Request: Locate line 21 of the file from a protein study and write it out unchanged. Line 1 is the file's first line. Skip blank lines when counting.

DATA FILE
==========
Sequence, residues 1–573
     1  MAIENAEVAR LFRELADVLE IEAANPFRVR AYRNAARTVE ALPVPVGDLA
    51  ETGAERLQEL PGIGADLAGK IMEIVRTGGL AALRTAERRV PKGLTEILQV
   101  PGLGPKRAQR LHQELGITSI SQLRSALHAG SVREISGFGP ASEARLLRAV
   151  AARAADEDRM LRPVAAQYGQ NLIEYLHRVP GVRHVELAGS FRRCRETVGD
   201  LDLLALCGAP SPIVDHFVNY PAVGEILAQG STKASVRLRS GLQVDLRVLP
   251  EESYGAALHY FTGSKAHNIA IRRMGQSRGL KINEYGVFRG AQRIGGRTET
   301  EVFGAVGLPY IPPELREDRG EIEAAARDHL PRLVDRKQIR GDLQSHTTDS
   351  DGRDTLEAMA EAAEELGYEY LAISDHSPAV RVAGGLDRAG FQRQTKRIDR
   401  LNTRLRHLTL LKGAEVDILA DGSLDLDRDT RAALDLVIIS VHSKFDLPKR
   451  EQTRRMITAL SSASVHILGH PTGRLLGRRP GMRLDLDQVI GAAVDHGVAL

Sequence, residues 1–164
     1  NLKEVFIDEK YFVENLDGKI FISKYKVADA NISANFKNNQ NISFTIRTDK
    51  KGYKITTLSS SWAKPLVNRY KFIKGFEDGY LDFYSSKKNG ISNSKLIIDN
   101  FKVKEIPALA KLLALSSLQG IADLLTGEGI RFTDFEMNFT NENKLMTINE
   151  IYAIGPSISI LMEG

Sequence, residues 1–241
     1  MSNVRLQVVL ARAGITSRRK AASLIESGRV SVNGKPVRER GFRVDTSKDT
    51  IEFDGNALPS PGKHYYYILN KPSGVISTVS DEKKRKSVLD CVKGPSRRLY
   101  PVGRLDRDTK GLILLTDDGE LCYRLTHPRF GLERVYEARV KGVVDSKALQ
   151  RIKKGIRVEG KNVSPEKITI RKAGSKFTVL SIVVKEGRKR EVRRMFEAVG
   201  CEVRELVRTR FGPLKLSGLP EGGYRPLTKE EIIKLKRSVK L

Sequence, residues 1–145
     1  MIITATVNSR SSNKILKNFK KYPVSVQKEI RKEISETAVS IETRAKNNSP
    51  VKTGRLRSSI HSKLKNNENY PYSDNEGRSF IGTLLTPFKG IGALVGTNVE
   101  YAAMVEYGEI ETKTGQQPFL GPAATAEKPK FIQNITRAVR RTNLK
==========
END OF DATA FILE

   151  RIKKGIRVEG KNVSPEKITI RKAGSKFTVL SIVVKEGRKR EVRRMFEAVG